John Hoff did not lie. Because of that, the Minneapolis blogger will not be held liable for the firing of a University of Minnesota employee.
A three-member panel of the Minnesota Court of Appeals on Monday overturned a $60,000 award against Hoff, a blogger who publishes “The Adventures of Johnny Northside.”
"It's a complete vindication," Hoff said of the decision in an interview. "It's not like I was out dancing in a public place because I wanted to express myself. I was literally redressing my government over grievances. This was exactly the kind of speech the First Amendment was created for."
Hoff, whose blog, "The Adventures of Johnny Northside," focuses on community development in his neighborhood, wrote a scathing, but truthful, online posting in June 2009 that led to the termination of Jerry Moore, a newly hired employee of the university’s Urban Research and Outreach-Engagement Center.
The appellate court panel concluded that, regardless of his motivations, Hoff could not be held liable for interfering with Moore’s employment based on truthful information expressed through his blog.
Neither of Moore's two claims of tortious interference of contract and prospective business advantage required him to show that Hoff's statements were false. Moreover, the appellate court concluded that such claims could not be based on truthful information conveyed to a third party.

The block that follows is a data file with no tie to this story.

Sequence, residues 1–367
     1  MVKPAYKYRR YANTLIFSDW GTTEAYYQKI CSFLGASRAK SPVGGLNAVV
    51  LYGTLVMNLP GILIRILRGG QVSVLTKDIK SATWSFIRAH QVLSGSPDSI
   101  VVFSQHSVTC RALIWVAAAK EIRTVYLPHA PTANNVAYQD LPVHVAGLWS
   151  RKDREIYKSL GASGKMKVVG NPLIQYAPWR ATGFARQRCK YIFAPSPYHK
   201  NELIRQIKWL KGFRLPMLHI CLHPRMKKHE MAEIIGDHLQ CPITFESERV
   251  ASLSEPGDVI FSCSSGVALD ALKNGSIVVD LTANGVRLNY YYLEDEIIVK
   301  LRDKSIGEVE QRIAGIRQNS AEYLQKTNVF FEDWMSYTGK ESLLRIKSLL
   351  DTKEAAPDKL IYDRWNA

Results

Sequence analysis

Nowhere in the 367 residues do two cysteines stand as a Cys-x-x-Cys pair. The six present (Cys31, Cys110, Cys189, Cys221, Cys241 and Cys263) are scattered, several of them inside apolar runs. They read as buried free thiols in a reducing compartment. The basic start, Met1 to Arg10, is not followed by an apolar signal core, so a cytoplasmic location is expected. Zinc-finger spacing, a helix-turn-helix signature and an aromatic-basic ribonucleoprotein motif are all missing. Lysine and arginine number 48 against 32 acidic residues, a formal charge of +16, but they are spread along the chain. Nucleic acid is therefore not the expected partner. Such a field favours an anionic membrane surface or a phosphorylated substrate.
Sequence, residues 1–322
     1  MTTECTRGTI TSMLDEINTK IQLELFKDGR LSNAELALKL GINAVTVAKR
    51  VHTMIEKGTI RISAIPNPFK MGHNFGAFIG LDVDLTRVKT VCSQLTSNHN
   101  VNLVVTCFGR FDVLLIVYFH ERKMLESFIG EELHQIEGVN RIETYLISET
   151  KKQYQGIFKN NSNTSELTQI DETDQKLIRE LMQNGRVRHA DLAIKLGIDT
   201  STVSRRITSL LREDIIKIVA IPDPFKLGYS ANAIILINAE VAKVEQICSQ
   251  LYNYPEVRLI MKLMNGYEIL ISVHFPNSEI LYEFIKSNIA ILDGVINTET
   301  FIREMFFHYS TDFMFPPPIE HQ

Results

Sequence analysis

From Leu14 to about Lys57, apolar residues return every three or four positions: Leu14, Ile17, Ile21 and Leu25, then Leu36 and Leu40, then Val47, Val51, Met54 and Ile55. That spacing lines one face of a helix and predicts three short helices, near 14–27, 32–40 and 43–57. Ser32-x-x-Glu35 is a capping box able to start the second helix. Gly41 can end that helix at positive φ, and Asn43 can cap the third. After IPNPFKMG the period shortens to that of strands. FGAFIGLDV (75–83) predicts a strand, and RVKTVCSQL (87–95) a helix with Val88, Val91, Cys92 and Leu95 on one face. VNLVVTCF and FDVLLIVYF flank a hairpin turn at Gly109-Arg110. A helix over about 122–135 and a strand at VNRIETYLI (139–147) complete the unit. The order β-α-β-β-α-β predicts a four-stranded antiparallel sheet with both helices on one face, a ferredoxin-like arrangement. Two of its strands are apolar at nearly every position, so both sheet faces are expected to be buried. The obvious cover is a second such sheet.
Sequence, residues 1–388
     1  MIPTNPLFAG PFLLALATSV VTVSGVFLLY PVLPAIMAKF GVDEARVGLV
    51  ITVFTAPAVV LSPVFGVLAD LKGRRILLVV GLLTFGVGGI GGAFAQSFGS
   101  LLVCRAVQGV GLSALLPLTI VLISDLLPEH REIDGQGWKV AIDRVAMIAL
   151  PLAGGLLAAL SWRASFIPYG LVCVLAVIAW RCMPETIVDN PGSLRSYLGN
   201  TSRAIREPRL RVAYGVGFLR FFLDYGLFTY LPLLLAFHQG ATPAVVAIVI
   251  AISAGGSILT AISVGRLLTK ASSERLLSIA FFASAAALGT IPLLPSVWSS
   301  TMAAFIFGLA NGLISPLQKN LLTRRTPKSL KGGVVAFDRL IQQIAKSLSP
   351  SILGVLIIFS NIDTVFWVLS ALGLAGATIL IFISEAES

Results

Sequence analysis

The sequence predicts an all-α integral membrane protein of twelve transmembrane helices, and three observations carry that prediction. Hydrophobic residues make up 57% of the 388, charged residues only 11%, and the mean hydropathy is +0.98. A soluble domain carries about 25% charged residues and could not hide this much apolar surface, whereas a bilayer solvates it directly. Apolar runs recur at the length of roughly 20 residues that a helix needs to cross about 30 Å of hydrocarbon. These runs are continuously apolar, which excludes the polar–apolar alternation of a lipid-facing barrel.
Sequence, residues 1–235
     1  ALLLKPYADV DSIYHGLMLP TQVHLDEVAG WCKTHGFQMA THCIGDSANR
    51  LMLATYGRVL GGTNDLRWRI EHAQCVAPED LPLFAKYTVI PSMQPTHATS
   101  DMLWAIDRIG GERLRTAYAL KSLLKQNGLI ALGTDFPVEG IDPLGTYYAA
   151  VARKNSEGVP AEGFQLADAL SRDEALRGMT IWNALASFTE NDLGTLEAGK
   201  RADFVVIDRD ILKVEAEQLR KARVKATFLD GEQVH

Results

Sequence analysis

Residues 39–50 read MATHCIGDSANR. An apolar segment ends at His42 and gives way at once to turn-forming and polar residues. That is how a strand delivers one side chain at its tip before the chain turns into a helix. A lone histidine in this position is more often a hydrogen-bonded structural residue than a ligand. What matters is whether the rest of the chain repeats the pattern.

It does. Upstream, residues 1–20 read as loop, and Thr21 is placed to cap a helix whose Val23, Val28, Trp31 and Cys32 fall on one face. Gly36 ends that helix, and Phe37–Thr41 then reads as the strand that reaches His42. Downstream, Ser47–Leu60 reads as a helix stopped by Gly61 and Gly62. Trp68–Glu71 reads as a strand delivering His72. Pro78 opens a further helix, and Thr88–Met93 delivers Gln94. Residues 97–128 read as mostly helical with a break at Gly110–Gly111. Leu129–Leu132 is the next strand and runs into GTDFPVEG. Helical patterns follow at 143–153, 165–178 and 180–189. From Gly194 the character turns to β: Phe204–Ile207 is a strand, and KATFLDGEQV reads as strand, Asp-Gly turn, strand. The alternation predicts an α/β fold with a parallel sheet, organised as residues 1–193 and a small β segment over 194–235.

“When a person conveys unflattering and possibly damaging information to another person’s employer, it is unlikely that the motivation for conveying that information is borne out of affection,” Judge Jill Flaskamp Halbrooks wrote for the court, which ordered the case sent back to Hennepin County District Court for judgment in Hoff’s favor. "Regardless of the motivation of the messenger, if the information conveyed is true, it is not appropriate for liability to attach."
Hoff accused Moore, who was hired that spring by the university to study foreclosures, of being involved in a “high-profile fraudulent mortgage.” University officials fired Moore the day after Hoff’s blog post appeared online.
A jury found last year that while Hoff’s posting was not defamatory, his online statements intentionally interfered with Moore’s employment contract and business prospects. The jury awarded Moore $35,000 in lost wage damages and another $25,000 for emotional distress. In post-trial motions, Hoff unsuccessfully argued for the judge to direct a verdict in his favor or order a new trial.
In addition to finding that Hoff could not be held liable for Moore’s termination based on his statements, the Court of Appeals also concluded that there was insufficient evidence to conclude that any actions Hoff made independent of his blog post amounted to interference with Moore’s employment prospects.
Judge Flaskamp Halbrooks noted in her opinion that the only such evidence presented in this case was testimony by an acquaintance of Hoff, who testified that “Hoff called him and asked him to send an e-mail to the University of Minnesota to try to get Moore terminated.”
“Hoff’s communication (with the acquaintance) is too intertwined with Hoff’s constitutionally protected blog post to accurately characterize it as independent tortious conduct,” Flaskamp Halbrooks wrote. “We therefore conclude that there is too great a risk of infringing on Hoff’s constitutional right to publish this information if he is held liable for Moore’s subsequent employment termination.”
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